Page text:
Wednesday, 9 January 2019
Hall 4 (Phoenix Convention Center - West and North Buildings)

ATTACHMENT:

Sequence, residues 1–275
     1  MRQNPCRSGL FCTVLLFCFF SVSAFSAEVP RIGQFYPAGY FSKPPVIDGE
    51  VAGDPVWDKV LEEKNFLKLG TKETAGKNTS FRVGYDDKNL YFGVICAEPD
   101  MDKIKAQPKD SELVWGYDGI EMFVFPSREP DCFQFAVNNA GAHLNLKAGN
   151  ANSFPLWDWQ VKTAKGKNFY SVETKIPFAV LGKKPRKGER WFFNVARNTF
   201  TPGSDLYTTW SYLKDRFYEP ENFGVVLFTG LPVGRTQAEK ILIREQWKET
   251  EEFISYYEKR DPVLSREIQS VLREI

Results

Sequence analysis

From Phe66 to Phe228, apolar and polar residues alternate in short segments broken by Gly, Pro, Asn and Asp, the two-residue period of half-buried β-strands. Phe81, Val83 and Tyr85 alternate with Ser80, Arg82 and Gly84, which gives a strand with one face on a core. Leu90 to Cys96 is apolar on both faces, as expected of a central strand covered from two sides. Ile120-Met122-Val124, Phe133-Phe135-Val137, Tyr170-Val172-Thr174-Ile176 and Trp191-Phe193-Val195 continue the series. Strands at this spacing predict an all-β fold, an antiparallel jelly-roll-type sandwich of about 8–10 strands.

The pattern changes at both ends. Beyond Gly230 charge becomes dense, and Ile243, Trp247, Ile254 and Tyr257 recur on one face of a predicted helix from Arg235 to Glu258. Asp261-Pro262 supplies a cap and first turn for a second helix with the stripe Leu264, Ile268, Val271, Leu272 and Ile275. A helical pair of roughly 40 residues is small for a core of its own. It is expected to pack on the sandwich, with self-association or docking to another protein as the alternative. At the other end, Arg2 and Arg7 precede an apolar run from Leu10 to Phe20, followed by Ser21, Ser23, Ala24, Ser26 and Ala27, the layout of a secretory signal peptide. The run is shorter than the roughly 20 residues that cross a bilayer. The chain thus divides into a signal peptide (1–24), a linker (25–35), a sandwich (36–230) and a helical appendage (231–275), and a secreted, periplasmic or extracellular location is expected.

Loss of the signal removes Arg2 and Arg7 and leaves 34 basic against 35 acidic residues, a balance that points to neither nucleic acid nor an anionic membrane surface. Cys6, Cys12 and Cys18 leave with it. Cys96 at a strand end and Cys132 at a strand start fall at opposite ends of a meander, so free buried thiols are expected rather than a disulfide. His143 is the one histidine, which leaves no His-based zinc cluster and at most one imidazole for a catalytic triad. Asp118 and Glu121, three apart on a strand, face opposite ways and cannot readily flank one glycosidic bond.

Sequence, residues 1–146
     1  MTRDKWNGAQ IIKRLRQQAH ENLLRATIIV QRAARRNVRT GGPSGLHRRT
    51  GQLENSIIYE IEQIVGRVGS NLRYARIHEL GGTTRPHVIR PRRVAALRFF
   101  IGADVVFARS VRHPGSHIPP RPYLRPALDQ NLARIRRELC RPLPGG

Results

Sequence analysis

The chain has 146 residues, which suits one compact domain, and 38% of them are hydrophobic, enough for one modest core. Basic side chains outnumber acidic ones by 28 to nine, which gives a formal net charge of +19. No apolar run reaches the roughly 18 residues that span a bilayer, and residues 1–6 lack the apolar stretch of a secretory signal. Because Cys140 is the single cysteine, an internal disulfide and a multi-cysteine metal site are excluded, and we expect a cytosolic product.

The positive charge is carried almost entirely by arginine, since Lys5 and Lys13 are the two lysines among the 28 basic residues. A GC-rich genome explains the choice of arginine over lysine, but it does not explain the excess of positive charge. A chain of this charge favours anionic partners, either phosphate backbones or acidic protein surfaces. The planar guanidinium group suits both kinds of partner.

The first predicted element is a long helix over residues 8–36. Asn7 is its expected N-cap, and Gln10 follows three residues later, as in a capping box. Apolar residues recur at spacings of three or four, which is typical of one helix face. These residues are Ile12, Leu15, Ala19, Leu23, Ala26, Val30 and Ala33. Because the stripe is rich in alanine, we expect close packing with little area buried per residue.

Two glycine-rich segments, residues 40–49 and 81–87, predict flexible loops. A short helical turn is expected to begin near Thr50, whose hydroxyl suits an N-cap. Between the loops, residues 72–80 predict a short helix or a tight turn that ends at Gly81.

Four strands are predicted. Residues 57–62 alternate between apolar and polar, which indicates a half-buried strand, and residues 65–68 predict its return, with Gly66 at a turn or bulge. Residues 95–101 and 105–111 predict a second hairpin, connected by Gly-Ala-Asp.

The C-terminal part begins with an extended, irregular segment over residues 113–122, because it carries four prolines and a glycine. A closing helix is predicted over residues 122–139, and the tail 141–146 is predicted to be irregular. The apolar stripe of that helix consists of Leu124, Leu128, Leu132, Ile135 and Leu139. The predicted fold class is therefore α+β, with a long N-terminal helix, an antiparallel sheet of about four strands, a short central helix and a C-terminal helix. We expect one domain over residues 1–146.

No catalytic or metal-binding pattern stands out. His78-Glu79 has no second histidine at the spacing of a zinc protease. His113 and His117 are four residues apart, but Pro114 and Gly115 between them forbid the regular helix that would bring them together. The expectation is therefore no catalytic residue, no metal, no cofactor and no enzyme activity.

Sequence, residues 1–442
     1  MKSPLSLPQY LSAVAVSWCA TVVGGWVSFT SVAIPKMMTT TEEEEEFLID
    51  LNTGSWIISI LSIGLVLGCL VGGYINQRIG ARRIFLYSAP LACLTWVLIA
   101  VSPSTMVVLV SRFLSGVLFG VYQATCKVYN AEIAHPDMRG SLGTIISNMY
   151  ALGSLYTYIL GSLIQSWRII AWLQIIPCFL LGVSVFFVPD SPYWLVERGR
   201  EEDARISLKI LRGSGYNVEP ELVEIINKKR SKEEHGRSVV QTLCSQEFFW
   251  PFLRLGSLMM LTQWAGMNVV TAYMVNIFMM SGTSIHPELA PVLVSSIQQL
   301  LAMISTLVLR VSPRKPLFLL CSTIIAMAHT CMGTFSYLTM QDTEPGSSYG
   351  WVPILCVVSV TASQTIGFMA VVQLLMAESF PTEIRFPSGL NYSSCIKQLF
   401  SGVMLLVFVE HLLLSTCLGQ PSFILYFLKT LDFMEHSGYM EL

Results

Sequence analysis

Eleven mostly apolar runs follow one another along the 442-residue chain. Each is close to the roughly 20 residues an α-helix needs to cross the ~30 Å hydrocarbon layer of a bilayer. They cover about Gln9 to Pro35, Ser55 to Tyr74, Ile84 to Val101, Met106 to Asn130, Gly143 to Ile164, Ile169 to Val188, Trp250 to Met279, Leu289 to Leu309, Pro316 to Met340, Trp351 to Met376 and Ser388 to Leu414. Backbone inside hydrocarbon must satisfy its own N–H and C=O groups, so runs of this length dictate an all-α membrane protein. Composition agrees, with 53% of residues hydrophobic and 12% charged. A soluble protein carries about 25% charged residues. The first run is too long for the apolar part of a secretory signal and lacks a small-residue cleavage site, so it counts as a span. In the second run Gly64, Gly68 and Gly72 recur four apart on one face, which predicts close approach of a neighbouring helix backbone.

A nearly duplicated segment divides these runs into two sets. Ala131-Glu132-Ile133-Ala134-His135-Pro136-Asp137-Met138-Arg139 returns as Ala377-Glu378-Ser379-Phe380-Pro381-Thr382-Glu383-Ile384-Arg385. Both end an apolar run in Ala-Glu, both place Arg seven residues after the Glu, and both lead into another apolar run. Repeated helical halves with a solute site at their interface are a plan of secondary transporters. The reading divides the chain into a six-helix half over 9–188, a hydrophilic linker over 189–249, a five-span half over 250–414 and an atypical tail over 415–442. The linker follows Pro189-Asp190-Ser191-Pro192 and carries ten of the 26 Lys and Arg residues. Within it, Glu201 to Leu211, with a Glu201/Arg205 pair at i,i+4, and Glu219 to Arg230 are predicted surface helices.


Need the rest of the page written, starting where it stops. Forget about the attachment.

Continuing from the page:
A realistic projection of greenhouse gas (GHG) emissions and the resulting anthropogenic climate change can only be achieved through the inclusion of human population impacts with feedbacks onto global climate models. The growth of population itself depends on the fertility age and the Total Fertility Rate (TFR), however, detailed distributions of these parameters can make a large impact on the total growth. To investigate these impacts, we have developed a series of multi-cohort dynamic population models with different numbers of fertile cohorts. Census data for various regions can be used as input for these models. These models can eventually be integrated through bidirectional couplings into a climate model such as the Community Earth System Model (CESM), to project future birth rates, total population, and subsequent GHG emissions. We have also developed a theoretical equation that demonstrates how total population growth depends on the fertility age, TFR, and average lifetime. We will compare the results of the dynamic model simulations to the predictions from the theoretical equation. Our results show that delaying the age at which a woman gives birth, or spacing out her child-bearing years to accommodate a professional lifestyle, can lead to a sustainable population, and thus slower climate change.
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